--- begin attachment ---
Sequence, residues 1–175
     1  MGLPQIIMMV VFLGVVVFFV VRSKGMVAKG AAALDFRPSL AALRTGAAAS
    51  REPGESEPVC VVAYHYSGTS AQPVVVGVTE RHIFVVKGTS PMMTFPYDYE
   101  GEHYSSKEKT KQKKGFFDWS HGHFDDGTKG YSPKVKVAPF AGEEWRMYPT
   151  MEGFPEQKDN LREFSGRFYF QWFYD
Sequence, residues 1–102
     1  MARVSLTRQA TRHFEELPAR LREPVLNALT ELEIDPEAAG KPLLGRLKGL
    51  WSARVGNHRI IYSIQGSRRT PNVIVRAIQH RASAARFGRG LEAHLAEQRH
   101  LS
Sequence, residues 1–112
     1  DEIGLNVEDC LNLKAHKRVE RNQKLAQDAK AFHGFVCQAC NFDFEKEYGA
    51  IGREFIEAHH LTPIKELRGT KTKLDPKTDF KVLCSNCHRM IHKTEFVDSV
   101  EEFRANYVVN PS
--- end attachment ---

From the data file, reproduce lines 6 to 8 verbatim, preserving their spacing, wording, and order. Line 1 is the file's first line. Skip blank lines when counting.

Sequence, residues 1–102
     1  MARVSLTRQA TRHFEELPAR LREPVLNALT ELEIDPEAAG KPLLGRLKGL
    51  WSARVGNHRI IYSIQGSRRT PNVIVRAIQH RASAARFGRG LEAHLAEQRH